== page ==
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Litigation at the Unified Patent Court – Getting the Right Representatives

By Matthew Howell, Partner

Now that the Unified Patent Court (UPC) has opened its doors, prospective users of the Court (both patent proprietors and potential defendants) will be considering who should represent them in proceedings at the UPC.

Patent litigation is inherently complex. Infringement and validity often turn on subtle technical details of a product or patent, so for effective patent litigation the parties’ representatives need a combination of skills:

  • a strong grasp of the law on infringement and validity;
  • a detailed understanding of the technology behind the patent; and
  • an ability to present complex technical arguments in writing and orally.

A common approach to patent litigation is to use a team consisting of a patent attorney and a specialist litigation lawyer to prepare written proceedings, with a barrister or other advocate being brought in to present the case at trial.

A different approach is possible at the UPC. Although the UPC Agreement specifies that parties to UPC proceedings shall be represented by “lawyers authorised to practise before a Court of a Contracting Member State”, that Agreement also allows European Patent Attorneys (EPAs) with appropriate litigation qualifications to represent parties before the UPC.

Appointing appropriately-qualified EPAs as representatives in UPC litigation has many advantages.

Litigation at the UPC shares many features in common with opposition proceedings at the European Patent Office (EPO).

For example, EPO oppositions and UPC revocation proceedings are both front-loaded, document-heavy proceedings requiring detailed written statements of case at the outset. EPO oppositions and UPC proceedings both limit the amount of witness and expert evidence allowed, and both conclude with a relatively short oral hearing.

The UPC’s Rules of Procedure impose very short deadlines in UPC litigation. EPAs are used to working effectively to short deadlines in their day-to-day patent prosecution work before the EPO and national patent offices, as well as in opposition and appeal proceedings at the EPO.

Oral hearings (trials) at the UPC will require complex technical arguments to be expressed clearly and concisely. Oral advocacy of this kind is a skill that European Patent Attorneys develop through their work in work in representing clients at oral proceedings before the Examining Divisions, Opposition Divisions and Boards of Appeal of the EPO.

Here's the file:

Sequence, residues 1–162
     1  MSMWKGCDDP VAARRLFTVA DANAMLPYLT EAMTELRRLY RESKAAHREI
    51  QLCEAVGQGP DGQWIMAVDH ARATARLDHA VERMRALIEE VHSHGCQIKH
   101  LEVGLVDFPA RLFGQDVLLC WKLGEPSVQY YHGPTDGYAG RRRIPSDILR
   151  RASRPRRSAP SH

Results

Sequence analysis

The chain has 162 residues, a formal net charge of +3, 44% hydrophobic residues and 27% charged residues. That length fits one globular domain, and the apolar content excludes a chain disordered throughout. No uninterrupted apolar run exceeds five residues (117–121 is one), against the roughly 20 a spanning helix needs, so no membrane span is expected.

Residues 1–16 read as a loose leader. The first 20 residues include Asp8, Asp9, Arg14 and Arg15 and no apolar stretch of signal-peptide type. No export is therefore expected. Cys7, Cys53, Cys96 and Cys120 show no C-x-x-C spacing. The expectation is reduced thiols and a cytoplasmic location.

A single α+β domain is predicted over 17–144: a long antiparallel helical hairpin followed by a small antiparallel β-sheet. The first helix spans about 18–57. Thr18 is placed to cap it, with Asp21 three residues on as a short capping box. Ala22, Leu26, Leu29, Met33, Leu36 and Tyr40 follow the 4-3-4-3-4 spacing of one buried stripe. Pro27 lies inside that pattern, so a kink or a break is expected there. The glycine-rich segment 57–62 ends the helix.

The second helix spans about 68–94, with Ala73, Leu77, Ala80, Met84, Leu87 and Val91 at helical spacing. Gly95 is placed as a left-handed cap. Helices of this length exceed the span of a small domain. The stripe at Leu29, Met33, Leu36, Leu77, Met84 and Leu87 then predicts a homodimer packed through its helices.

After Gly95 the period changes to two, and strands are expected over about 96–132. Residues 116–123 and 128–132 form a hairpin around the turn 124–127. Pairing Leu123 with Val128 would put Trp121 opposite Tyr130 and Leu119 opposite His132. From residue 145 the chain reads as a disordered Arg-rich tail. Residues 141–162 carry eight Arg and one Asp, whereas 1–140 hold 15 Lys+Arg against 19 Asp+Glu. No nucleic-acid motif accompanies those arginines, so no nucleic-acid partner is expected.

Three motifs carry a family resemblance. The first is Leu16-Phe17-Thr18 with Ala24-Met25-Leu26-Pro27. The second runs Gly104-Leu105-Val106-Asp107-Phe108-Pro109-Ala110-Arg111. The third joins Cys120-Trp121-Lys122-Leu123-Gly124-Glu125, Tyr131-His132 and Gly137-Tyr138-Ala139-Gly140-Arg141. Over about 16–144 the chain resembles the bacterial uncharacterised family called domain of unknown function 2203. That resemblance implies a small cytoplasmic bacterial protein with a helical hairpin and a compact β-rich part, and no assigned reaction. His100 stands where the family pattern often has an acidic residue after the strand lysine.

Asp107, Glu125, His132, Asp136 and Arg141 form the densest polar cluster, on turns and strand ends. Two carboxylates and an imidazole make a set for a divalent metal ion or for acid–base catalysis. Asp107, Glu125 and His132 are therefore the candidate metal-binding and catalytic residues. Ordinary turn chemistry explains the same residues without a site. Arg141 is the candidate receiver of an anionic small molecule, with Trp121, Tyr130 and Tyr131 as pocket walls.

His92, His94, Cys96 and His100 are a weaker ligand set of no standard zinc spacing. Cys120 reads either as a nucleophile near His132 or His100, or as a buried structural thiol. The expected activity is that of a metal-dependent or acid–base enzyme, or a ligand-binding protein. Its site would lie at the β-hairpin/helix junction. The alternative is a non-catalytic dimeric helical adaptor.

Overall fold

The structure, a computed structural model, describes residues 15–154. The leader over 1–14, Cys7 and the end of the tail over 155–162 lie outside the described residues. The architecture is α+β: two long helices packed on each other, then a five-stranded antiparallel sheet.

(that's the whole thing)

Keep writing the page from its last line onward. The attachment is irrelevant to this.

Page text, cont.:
The law applied by the UPC will include the European Patent Convention (for questions of patent validity) and the UPC Agreement (for questions of infringement). Through their day-to-day patent work, EPAs have extensive experience in dealing with validity under the European Patent Convention. The provisions of the UPC Agreement relating to infringement are similar to provisions on infringement in national law, with which EPAs are well acquainted at least in the jurisdiction in which they practice. So EPAs will likely have as much (if not more) experience as traditional lawyers in dealing with the substantive law on validity that will be applied by the UPC, and in dealing with similar infringement provisions as those applied by the UPC.

Additionally, the UPC Agreement gives the UPC jurisdiction for actions concerning decisions of the EPO relating to the administration of Unitary Patents. EPAs are familiar with the EPO’s rules relating to Unitary Patents through their regular handling of Unitary Patents, and so will be best placed to handle actions relating to the administration of Unitary Patents.

From a technical standpoint, all EPAs must have a background in a technical discipline, and they gain even deeper knowledge of relevant technologies through their work in drafting and prosecuting patents. Patent prosecution by its nature exposes EPAs not only to their clients’ inventions, but also to a wide range of complex technical disclosures which must be analysed and interpreted to formulate arguments in support of the invention for which a patent is sought.

As an appropriately-qualified EPA (or team of EPAs) possesses all the technical and legal skills required for effective litigation at the UPC, it makes sense, both technically and financially, for EPAs to be heavily involved in litigation at the UPC, either in a lead representative role or providing technical and legal support to a litigation specialist.

At HLK we have almost 40 EPAs who are qualified to act before the UPC. We can offer expertise in all major technical disciplines, such as IT (including artificial intelligence and software), life sciences, chemistry, electrical and electronic engineering, mechanical engineering, and materials sciences.

Find more information on our unique approach to litigation at the UPC here.

Please contact your usual HLK attorney or if you would like further details of our UPC litigation offering, or view our UPC webpage for more UPC information and updates.

This is for general information only and does not constitute legal advice. Should you require advice on this or any other topic then please contact or your usual HLK advisor.

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